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06/26/2017
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Spanish Jazz, from Korean American Maureen Choi

Korean-American violinist Maureen Choi is about to bring her crossover Spanish and Latin jazz to audiences in New York. Her quartet is on a U.S. tour now, after having been invited by the Summer Solstice Jazz Festival in East Lansing, Michigan. Although Choi has performed in NYC before, she says it’s “special” to perform here, where she once lived for a time before moving to Spain. The Maureen Choi Quartet’s jazz music, infused with flamenco and folkloric notes, consists of both original compositions by Choi as well as arrangements of traditional Spanish and Latin American jazz pieces.

The quartet, scheduled to appear at the ShapeShifter Lab in Brooklyn on June 28 and at Terraza 7 in Queens on July 1, will draw on music in its second album, “Ida y Vuelta” (“Roundtrip” in Spanish).

Maureen Choi, 34, the composer and violinist of the quartet, discovered the wonders of jazz during a jazz lesson she took by chance with Rodney Whitaker, a famous double bassist, when she was a senior at Michigan State University. At the time, she was majoring in classical violin, and was planning to go on to get her master’s degree in classical violin. But the introduction to jazz gave her a sense of freedom via improvisation. Very soon, she fell in love with jazz, and she decided after a year and a half of consideration to switch gears and study jazz at the Berklee College of Music in Boston. It was there that she met Madrid-born Mario Carrillo, who eventually became her husband, as well as the double bassist in her quartet. Other members of the quartet are pianist Daniel Garcia Diego, from Salamanca, Spain, and drummer Borja Barrueta from Bilbao, Spain.

After Choi began her studies at Berklee, she pursued an old hobby, ballroom dancing, which gave her a deeper understanding of Latin music and its rhythm. She also formed friendships with many students from Latin America who eventually asked her to play music at their concerts from time to time. The more she played, the more requests she got. It became natural for her to play Latin and Spanish music. One day, Choi realized that Latin and Spanish melodies always emerged whenever she composed a piece.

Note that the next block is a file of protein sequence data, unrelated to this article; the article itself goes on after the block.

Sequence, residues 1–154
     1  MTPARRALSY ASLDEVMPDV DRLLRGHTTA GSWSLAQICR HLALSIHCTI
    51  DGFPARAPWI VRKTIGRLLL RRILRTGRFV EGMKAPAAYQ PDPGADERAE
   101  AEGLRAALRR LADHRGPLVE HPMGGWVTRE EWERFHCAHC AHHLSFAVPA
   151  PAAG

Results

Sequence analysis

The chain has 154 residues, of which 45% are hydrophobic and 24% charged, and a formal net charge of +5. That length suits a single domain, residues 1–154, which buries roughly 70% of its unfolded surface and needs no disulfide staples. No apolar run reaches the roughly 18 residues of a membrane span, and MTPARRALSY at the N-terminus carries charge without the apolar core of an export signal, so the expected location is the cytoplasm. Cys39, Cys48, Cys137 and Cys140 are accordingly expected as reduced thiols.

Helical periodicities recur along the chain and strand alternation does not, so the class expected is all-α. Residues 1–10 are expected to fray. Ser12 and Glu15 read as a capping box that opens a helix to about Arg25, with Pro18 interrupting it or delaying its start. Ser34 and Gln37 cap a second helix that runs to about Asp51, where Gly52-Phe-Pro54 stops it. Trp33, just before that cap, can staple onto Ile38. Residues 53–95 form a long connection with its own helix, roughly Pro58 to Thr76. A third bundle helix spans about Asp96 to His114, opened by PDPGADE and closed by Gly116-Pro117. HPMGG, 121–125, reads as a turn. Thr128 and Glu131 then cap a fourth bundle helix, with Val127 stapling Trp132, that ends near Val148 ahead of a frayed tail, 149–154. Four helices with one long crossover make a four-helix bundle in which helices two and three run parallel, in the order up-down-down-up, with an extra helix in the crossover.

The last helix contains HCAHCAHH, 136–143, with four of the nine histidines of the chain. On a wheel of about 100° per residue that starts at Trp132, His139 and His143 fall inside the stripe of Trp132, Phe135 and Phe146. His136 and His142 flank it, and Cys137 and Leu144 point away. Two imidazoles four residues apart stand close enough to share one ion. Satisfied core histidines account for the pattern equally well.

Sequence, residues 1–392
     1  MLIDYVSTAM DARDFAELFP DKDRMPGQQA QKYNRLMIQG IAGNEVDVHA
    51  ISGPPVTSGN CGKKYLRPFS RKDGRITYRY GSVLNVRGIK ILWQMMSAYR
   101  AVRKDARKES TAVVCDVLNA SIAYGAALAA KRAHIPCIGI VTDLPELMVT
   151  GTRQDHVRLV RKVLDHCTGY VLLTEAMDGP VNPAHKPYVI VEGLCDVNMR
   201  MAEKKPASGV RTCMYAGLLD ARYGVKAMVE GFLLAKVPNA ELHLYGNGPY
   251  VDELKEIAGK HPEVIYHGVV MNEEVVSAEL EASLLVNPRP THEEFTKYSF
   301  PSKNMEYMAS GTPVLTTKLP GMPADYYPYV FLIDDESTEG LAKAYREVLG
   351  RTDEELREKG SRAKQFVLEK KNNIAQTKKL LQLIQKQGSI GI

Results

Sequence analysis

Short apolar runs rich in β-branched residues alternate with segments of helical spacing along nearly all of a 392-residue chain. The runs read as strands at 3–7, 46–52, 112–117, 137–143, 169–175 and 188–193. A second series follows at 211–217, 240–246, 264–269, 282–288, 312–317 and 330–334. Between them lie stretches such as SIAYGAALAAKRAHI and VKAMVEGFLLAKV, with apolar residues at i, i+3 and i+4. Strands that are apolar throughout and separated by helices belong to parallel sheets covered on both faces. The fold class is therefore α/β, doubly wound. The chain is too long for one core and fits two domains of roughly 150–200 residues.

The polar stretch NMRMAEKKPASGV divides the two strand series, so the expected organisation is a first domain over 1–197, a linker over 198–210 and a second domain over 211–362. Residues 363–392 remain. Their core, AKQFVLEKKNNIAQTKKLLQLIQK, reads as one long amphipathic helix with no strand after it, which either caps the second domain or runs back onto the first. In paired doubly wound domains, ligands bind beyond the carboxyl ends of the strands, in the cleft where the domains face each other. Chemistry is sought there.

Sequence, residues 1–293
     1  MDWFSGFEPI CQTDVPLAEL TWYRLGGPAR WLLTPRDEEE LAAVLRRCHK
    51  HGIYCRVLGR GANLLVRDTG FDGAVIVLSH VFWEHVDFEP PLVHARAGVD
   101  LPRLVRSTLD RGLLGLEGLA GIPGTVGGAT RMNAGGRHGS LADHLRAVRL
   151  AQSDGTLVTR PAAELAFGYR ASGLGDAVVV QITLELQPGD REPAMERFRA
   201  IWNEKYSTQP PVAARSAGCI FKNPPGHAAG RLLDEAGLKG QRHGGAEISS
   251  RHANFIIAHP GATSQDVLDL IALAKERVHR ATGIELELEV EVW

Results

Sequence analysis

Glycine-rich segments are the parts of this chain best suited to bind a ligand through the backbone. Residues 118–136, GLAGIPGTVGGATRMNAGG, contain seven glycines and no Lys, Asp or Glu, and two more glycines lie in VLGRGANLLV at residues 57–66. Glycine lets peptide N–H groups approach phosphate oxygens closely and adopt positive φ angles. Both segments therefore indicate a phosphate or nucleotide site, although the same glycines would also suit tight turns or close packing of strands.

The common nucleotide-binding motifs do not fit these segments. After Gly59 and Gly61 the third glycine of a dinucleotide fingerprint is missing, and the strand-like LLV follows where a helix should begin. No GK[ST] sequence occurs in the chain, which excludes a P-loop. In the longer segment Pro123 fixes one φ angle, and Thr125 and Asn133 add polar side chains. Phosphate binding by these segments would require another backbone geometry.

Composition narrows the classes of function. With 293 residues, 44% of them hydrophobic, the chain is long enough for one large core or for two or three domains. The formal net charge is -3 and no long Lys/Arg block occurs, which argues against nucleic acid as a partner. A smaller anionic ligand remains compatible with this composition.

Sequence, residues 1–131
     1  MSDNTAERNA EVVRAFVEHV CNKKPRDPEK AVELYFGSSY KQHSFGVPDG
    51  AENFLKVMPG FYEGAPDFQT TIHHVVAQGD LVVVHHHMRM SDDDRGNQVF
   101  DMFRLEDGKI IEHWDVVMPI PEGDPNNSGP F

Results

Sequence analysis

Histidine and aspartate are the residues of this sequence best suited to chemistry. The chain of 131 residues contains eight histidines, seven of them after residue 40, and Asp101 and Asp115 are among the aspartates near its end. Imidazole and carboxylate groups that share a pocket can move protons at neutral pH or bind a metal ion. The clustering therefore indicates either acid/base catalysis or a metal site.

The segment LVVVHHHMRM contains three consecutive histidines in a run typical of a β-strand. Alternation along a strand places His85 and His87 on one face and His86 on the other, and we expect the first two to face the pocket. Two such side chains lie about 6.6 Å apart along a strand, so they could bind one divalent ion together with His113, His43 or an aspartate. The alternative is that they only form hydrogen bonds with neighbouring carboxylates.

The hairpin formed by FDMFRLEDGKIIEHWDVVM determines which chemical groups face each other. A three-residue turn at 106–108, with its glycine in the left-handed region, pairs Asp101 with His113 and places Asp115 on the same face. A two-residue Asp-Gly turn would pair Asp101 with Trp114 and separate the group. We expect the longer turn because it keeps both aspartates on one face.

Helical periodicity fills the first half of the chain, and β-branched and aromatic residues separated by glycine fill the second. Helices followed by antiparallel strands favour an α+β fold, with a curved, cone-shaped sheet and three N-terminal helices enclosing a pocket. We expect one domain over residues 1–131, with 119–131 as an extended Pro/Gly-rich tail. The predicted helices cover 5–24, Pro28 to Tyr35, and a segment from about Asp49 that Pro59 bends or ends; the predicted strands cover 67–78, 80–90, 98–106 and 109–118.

Choi, who was born in the U.S. and grew up in Ann Arbor, Michigan, says that her parents, who immigrated from Korea, influenced her musically. Her father worked at Samsung and played Latin guitar at home, while her mother was a soprano who had taught singing in Korea. At home, music was a mainstay. Says Choi: “My house was filled with music and I still remember talking about Spain [with my parents].”

For Choi, serendipity was at work: “I never planned it really, because dancing was for fun, the violin is my job, but it became one thing.”

She currently lives in Madrid and teaches at the Berklee College of Music in Valencia as well as at the Escuela de la Música Creativa in Madrid. She expressed her desire to investigate more connections between Spanish and Latin music, which is in ¾ time like in Spain. “Music in Spain is very rich because many Spanish-speaking immigrants [from Latin America] live there, just like in New York… one of the most beautiful things about being a musician is that you will never finish. You can study always and that’s not enough.”

Being Korean American, Choi said, has also informed her music-making.

“I love the diversity and being able to say that I appreciate all cultures. I am obviously very proud to be Korean American but I am also curious about how other people live and think. We have too much to learn from each other so it is such a privilege to learn about other cultures through music.”